I’m having a perfect day today, and wondering why I don’t create more perfect days for me. It’s Christmas, my kids and I spent Christmas Eve together, and I am absolutely luxuriating in doing my thing. For breakfast I enjoyed my Great Harvest Bread Company
shortbread—every taste is a dreamy experience. I called my Dad, 89, and agreed how blessed we all are to be able to walk and talk and see and hear. I told him that I’ll put his Christmas $100 in a special envelope in my billfold. When I see something I really want but hear a budgetary argument from my inner shouldn’t-er, I will open the
envelope and feel totally okay about indulging myself. I did that Sunday at the fish market at 28th and NW Market. After I tasted the smoked black cod, $18.99 per pound or not, I put out $5.77 for a hunk that will delight me over the next few days. Memories, past and future, are a part of the joy of this day.
Since the call, I’ve been doing things I feel like on the computer, this being one of them. I’ve watched Andrew Lloyd Webber and Tim Rice’s Joseph and the Technicolor Dream Coat and excerpts from Jesus Christ Superstar and more. I ate a stick-to-your teeth
caramel from last night’s Christmas stocking and deliberated the last 1/8 of it—shall I make this one bite or two to get the most pleasure? Two was the winner this time. For lunch, I had a piece of last night’s rolled rib roast with gravy, and all the deli olives I wanted.
I’m drinking carrot juice that housemate Diane and I made a day or so ago. I alternate between holiday programs on the radio and on TV. I wound up my music box and watched the Pink jester move to the sounds of “Make Someone Happy.” Out my home office window the Olympics show off their clear snowy wraps. The sun lights on the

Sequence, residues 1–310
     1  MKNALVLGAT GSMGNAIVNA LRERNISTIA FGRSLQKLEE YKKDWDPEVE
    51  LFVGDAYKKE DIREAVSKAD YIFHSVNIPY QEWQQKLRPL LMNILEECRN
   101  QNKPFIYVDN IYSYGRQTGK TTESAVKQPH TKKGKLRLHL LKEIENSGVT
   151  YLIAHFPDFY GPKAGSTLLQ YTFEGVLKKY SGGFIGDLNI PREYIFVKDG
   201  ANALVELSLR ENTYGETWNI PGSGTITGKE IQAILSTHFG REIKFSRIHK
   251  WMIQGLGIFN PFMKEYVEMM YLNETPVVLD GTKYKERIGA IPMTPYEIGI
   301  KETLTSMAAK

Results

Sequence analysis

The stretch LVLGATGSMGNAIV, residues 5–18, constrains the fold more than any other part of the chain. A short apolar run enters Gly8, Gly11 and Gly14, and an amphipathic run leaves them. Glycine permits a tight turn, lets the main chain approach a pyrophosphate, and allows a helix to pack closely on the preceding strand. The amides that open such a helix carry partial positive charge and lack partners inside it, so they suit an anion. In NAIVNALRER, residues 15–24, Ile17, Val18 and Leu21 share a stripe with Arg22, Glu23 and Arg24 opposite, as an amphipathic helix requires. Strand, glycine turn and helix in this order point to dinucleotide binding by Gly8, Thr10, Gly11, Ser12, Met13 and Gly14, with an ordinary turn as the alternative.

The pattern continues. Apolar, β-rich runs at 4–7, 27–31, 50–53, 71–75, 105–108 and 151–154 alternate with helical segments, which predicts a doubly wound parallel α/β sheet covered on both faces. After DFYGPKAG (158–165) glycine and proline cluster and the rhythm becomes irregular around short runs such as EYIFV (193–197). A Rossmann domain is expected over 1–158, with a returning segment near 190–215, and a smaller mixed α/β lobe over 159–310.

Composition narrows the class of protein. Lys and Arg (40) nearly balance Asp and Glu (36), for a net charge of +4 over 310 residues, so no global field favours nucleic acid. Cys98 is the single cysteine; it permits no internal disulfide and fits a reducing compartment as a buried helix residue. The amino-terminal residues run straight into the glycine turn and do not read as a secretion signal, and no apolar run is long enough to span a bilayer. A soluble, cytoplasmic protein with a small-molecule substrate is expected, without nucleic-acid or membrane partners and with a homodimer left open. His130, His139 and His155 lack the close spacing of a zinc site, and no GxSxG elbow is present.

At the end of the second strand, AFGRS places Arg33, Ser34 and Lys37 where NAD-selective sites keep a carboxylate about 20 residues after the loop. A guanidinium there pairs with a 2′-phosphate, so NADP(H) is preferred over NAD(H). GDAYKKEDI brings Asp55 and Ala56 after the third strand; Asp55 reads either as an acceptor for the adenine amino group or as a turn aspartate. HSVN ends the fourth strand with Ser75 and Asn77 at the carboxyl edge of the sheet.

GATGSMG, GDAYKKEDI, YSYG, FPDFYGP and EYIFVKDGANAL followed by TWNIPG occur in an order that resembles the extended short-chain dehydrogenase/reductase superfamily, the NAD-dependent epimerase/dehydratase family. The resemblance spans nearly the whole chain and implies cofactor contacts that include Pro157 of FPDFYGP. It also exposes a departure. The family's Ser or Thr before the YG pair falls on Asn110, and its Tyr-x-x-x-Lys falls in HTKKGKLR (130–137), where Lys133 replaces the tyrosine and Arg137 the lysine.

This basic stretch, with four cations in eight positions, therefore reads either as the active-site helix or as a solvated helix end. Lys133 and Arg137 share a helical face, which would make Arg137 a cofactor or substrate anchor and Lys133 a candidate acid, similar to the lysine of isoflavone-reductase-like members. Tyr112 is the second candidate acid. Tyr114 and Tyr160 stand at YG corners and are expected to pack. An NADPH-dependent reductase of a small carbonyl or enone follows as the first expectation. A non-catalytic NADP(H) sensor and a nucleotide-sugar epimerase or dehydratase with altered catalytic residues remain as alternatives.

shells and driftwood on the deck railing I can see from my desk.
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I’m wondering if I’ll feel more expansive as I am now, wandering up and down the stairs, from fridge to TV to desk, or going for a walk in the glorious sunshine. I’ll go after I finish this, I decide, and be back by 4:00 to meet a potential roomer for the room available
on the 1st. I decide I like him already—his walk at Kelsey Creek Park in Bellevue “made his Christmas.”
Since in many parts of the world, December 25 means no more than any other day, I would like to declare my own personal monthly holiday, for no other reason than that I (and everyone) deserve to be as happy as we can make ourselves. I know myself well
enough to not leave things in that “good idea” stage. So I just wrote in on each 4th Sunday of 2002 “My Holiday.” Wish you could see the serene smile and then the passion that becomes a bellow as I sing along with the radio. Yes, I’m happy!!